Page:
Here’s How You Use An Apostrophe in Your Name On Your Christmas Card

This post may contain affiliate links. For more information, please read our disclosure policy here

The Grammar Police are out in full force this Holiday Season so check your cards twice before you send them. They are simply trying to make sure you are all nice and proper in your card-writing etiquette. I’m sure they are ultimately coming from a place of love.

Bottom line is – if you want to ensure no grammar police come after you, ensure you are properly writing names on those holiday cards.

By the way, isn’t that card above adorable? You can get it from OhHappyKay on etsy Here.

So, where does this all begin? It is all about that pesky ‘S’ on the end of last names.

What the heck do I mean? The keepers of all things proper grammar want to make sure you are ending your name in the correct way. Do you use an apostrophe? Incorrect.

For example, the Smith family would be the Smiths. The Munch family would be the Munches. The Stephens family would be the Stephenses. No apostrophe is needed to pluralize your family’s name.

I’m just happy to get Christmas Cards! I could completely not give a care in the world if the spelling is wrong, your grammar is atrocious, or even if you include a picture or not.

I’m completely happy just to be acknowledged in the Christmas card giving game.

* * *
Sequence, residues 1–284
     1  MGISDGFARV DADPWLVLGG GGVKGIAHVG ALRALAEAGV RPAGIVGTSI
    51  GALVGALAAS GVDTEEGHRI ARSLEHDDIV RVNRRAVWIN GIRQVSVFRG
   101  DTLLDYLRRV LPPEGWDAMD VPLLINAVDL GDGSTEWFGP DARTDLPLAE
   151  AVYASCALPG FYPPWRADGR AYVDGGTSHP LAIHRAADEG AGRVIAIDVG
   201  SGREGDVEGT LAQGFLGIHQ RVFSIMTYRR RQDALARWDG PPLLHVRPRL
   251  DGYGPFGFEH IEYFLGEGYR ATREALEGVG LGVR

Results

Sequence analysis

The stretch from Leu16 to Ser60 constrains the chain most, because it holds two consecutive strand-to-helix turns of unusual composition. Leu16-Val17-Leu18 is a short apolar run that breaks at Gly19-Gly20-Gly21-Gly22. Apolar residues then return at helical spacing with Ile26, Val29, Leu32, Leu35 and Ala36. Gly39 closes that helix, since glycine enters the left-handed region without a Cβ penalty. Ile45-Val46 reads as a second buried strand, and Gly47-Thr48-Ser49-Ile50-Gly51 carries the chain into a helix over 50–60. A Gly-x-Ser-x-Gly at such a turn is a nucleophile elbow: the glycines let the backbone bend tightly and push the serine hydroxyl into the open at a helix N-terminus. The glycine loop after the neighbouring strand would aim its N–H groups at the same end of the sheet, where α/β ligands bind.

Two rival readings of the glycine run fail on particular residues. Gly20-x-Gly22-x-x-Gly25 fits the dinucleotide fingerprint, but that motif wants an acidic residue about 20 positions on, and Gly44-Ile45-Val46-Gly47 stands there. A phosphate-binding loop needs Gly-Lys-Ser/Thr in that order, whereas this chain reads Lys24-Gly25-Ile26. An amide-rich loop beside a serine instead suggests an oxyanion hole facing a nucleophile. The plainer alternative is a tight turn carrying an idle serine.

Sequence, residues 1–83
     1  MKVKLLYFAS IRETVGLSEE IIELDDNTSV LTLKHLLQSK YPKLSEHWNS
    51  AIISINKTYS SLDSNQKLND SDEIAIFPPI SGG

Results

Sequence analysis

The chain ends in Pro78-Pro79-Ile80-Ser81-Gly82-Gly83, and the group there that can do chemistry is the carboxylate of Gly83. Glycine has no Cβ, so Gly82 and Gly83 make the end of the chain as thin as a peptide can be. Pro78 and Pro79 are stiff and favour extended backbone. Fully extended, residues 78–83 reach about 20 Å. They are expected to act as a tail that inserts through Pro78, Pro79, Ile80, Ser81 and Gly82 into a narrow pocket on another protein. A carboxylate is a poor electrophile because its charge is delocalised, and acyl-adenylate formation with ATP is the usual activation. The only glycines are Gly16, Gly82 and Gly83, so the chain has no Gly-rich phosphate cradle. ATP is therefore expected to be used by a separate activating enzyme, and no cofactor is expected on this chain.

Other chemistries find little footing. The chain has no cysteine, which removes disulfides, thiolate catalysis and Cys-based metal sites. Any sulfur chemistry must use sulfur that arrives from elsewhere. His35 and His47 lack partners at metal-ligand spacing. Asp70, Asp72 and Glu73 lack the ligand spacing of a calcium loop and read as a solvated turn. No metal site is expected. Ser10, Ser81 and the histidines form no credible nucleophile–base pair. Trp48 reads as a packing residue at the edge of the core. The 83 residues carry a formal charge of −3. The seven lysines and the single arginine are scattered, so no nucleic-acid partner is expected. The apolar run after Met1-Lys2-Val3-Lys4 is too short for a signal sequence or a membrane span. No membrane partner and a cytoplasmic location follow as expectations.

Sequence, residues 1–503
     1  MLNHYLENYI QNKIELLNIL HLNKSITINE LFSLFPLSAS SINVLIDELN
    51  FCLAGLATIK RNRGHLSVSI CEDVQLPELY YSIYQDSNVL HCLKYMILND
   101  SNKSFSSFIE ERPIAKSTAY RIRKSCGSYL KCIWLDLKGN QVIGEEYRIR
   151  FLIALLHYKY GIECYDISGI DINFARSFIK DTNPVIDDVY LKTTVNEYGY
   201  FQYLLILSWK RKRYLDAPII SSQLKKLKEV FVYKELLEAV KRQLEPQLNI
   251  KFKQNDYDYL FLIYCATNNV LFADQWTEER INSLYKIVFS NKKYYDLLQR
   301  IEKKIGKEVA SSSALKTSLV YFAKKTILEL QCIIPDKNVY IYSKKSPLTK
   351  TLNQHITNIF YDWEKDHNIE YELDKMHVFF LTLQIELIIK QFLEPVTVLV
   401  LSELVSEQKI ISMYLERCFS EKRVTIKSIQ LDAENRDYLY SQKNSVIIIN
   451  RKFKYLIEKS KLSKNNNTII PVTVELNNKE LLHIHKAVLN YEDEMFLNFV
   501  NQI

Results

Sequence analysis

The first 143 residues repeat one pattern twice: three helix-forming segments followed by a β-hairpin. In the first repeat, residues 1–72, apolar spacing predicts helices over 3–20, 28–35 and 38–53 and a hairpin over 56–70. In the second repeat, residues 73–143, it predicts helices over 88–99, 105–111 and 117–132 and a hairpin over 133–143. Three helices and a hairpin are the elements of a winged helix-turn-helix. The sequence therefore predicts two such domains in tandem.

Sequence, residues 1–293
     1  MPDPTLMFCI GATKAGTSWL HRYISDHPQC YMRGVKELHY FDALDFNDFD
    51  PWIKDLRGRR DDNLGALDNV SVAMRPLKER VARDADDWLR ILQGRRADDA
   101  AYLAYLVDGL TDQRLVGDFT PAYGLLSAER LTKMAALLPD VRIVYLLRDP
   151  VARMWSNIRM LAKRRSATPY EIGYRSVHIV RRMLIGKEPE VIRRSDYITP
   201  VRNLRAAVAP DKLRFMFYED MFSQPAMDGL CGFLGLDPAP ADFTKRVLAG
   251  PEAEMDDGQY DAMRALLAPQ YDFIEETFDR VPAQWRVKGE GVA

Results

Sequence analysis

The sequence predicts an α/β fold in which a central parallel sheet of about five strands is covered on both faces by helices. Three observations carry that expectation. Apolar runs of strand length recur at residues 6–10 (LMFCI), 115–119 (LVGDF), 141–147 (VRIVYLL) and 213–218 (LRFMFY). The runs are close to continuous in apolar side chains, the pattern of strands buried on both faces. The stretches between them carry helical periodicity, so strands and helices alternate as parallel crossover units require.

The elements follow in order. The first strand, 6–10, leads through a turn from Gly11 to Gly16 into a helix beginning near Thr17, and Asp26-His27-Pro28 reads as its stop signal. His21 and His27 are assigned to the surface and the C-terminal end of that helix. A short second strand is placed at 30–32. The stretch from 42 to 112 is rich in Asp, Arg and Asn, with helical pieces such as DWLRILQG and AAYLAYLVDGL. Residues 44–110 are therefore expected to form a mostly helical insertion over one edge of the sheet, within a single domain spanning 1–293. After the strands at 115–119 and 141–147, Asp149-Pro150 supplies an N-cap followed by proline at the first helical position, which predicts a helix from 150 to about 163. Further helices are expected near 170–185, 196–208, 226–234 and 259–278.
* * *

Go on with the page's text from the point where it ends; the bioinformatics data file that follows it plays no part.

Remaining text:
There are people, however, that cringe when they get cards that include bad grammar. Their thinking is — why would you spend all that time and money on a card, if you are just going to ruin it with grammar mistakes?


I certainly appreciate their concern — but you can just redirect their cards to me. I’ll gladly take them!

Check out the video from the grammar police below! It is your holiday grammar PSA for the year.

Mary Christmas and Happy New Years, and make shur you dont make those gramar mistake’s on you’re cards this year!

Take a break from those Christmas Cards, and catch a Christmas Movie! They don’t care about your grammar!

Similar Posts

Leave a Reply

Your email address will not be published. Required fields are marked *


  1. But what if your name ends in ‘es’?

    Like Torres

    1. Add es or put The Torres Family. An apostrophe is to show ownership not plural.